He was at home when he received a call from someone who introduced himself as a Ministry of Manpower (MOM) officer, and asked him to verify his full name, date of birth and passport number.
Mr Prashant Bore Gowda, 33, who works in the information technology industry, was also asked about his last visit to India, then told that he had made a "mistake" in the declaration of his date of birth.
He was then threatened with immediate deportation within 24 hours, otherwise he would have to pay a heavy fine. He was then given the option to make three transfers of $1,000, $750 and, finally, another $750, which he was told would be refunded to him.
Mr Prasanth, who is from Bangalore and has been in Singapore for the past three years, told tabla!: "The caller was on the phone for more than three hours. Every time the call got cut, he would immediately call back."
Fearful of losing his job, Mr Prasanth agreed to the amounts. As he mentioned that he was at home in Kranji, he was then told to go to the nearest Western Union at Woodlands to transfer the money.
In total, he was scammed of $2,500.
The caller told him to wait at Woodlands Civic Centre at 6pm where he would meet Mr Prasanth to settle the issue and refund the money. However, when the "officer" did not turn up, Mr Prasanth began to suspect that something was amiss. So he called two of his friends to ask about MOM's procedures. To his horror, they both told him that he may have been scammed and that he should make a police report immediately.
Meanwhile, he tried to contact MOM, which closes at 5.30pm, but the line was engaged.
Another victim, who did not want to reveal his name, related a similar experience. After verifying the number with that on MOM's website, he continued the call. However, when pressed with the deportation option, he agreed to be sent back to New Delhi, his hometown. That's when the impersonaters gave him an alternative, telling him that he was a valued worker and that he could rectify the mistake by paying a refundable amount of $1,000.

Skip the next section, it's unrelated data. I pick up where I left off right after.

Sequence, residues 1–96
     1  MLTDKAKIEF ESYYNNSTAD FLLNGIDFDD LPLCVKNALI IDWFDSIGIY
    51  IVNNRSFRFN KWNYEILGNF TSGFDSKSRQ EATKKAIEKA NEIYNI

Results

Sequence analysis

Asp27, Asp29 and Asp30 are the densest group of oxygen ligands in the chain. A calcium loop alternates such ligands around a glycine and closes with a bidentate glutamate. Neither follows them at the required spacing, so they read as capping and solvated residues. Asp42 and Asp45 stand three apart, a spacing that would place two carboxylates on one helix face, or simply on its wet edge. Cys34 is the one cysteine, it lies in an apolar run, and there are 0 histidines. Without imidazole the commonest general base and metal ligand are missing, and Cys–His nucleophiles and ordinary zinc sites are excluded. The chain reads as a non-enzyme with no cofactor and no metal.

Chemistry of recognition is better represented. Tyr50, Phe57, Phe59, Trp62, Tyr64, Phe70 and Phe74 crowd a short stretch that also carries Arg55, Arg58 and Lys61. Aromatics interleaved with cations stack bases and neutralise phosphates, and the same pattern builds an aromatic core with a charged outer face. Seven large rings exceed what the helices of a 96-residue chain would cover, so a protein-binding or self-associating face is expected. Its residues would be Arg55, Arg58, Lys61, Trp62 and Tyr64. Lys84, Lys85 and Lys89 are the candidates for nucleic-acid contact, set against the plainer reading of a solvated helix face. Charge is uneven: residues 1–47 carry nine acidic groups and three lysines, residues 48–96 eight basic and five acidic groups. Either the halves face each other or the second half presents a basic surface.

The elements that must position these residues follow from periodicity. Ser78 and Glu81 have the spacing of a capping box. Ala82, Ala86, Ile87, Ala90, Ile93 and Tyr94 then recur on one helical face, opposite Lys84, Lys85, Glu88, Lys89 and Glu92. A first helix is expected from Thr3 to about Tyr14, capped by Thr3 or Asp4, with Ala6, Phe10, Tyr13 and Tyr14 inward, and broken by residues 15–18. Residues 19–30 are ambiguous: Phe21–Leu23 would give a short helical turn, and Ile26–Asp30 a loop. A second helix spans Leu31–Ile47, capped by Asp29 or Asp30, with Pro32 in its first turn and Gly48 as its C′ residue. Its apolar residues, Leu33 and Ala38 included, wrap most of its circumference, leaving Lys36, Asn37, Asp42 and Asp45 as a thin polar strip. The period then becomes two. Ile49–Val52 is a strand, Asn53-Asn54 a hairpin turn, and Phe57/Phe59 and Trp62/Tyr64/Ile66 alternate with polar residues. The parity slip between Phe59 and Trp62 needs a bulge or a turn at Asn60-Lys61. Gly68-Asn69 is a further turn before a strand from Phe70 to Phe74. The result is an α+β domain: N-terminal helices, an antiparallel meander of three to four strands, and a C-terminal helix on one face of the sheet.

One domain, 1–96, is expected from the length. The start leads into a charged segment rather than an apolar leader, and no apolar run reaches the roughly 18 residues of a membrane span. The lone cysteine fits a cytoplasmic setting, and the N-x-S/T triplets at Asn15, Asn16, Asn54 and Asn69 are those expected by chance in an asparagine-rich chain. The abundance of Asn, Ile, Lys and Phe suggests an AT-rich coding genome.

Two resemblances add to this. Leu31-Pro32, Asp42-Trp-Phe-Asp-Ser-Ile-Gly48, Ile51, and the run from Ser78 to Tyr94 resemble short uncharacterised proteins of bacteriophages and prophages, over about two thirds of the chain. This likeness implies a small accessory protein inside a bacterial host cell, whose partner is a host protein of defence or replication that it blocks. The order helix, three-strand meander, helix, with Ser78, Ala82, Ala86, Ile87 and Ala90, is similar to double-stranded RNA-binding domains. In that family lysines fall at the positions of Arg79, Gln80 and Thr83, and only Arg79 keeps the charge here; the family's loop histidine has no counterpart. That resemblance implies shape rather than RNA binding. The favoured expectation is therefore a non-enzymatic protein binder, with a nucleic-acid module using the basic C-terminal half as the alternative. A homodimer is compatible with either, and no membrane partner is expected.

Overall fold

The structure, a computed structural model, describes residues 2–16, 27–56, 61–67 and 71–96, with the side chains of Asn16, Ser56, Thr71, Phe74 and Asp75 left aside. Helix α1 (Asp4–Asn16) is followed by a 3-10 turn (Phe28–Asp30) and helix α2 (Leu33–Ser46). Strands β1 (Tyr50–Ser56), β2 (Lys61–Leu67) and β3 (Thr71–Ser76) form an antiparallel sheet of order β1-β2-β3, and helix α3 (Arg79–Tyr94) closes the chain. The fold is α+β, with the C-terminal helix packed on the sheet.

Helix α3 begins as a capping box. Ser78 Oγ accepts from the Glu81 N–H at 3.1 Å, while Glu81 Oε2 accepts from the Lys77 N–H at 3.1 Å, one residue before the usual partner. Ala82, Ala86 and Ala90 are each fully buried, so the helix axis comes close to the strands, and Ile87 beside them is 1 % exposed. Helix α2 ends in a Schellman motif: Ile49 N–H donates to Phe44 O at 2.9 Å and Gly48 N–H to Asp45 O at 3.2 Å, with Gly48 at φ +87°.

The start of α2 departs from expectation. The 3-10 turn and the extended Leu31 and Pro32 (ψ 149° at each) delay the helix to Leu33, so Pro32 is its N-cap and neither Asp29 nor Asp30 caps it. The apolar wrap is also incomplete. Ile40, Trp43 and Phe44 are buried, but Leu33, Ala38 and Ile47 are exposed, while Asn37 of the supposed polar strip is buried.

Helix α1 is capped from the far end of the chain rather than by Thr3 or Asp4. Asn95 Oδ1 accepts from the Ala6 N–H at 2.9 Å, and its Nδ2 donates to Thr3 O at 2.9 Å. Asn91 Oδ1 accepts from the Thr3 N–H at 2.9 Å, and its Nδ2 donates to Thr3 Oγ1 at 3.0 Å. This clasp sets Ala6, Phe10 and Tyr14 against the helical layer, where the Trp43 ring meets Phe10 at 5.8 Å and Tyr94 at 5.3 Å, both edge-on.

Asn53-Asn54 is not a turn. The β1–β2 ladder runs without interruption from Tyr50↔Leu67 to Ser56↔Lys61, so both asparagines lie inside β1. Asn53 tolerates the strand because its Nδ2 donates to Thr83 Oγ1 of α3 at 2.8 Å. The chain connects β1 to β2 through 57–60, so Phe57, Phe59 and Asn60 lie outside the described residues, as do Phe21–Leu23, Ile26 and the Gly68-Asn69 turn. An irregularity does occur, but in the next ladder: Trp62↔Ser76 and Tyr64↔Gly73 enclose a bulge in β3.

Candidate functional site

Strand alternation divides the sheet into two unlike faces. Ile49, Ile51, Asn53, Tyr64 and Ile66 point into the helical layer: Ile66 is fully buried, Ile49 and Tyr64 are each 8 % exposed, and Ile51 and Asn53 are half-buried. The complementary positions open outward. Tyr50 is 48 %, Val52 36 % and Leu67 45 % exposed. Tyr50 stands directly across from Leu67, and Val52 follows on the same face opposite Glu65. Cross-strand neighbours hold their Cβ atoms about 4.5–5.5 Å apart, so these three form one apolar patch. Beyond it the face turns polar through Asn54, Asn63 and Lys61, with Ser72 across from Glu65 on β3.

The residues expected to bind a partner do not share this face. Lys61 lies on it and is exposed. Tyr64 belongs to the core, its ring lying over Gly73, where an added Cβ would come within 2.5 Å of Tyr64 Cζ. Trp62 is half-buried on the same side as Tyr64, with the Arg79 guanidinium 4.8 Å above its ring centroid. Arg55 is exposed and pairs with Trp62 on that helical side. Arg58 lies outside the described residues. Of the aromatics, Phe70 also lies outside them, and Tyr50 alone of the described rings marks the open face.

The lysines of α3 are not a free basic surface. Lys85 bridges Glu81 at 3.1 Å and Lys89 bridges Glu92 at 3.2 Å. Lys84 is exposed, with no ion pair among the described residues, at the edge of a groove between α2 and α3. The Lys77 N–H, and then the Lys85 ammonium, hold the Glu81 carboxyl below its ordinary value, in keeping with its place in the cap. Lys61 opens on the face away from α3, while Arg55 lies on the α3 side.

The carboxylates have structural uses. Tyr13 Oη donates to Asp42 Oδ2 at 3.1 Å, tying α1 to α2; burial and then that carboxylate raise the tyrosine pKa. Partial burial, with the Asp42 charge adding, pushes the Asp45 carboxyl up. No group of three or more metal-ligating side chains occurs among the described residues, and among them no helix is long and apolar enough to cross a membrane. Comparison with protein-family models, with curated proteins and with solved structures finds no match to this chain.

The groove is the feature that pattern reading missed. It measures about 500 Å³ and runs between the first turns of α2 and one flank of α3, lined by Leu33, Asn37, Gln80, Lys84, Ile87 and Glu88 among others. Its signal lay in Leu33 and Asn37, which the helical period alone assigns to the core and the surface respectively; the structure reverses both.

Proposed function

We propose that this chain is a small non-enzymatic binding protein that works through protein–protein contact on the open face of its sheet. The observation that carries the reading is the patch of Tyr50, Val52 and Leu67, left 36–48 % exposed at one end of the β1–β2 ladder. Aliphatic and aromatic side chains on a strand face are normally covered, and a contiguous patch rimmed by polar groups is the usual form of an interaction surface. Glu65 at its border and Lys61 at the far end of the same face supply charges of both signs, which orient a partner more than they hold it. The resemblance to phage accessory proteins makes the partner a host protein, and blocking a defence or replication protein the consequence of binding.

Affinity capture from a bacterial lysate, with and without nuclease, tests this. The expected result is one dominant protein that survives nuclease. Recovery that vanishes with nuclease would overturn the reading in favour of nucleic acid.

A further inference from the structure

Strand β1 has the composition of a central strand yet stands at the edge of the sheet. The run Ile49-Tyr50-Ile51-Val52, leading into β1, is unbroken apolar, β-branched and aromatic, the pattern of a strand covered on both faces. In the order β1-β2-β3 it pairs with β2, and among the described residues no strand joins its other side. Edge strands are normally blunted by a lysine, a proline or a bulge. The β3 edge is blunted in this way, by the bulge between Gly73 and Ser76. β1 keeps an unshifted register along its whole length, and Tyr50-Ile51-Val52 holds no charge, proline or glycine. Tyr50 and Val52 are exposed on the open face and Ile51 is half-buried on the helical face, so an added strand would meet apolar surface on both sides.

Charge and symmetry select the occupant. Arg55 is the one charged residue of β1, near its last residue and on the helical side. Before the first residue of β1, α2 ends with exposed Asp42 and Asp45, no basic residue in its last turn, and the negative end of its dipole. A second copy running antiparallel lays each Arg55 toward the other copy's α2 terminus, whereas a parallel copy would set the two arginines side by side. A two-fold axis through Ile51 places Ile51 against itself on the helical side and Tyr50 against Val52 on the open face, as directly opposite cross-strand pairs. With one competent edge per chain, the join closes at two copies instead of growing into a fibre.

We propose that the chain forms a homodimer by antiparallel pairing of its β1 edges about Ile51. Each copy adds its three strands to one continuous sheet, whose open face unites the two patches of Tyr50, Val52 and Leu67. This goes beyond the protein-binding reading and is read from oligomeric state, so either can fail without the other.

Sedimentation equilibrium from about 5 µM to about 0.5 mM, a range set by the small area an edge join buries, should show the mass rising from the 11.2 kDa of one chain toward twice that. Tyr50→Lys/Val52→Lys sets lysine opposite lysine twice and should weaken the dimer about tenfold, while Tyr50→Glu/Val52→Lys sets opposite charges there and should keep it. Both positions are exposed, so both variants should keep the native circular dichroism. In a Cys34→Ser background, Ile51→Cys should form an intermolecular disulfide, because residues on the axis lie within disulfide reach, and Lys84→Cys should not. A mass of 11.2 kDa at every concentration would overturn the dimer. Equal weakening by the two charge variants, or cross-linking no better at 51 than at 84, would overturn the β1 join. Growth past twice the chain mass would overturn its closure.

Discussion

He was then directed to the nearest Western Union to make his payment and when he was there, the caller told him that he "had to pay an additional $1,000 to clear his name from the Indian side". After paying the two amounts and panic-stricken that he was left with little money, he tried contacting the caller again but the line was engaged. He realised that something was not right and went to a police station to file a report.
Both men said their callers knew that they had made recent trips to India. The men were just two of the 15 victims in a reported 37 cases who were cheated of over $31,000 between April 29 and May 22, said the police. In all the cases, the scammers would call the victims using a phone number similar to the MOM Contact Centre's hotline (6438-5122) and inform them about an error in their declaration of personal particulars.
They were then told to transfer money to an account to settle issues related to their stay in Singapore or work pass application.
MOM has clarified that it does not call members of the public to request for any fund transfers. The public are reminded to be wary of such phone calls. If you receive such calls, you should adopt the following crime prevention measures: Ignore the calls, do not transfer any money to the caller, either via remittance agencies, banks or any other means; and call the police immediately at 999 to report the case.
The public is also advised to call the police hotline at 1800-255-0000 for any information related to this crime.
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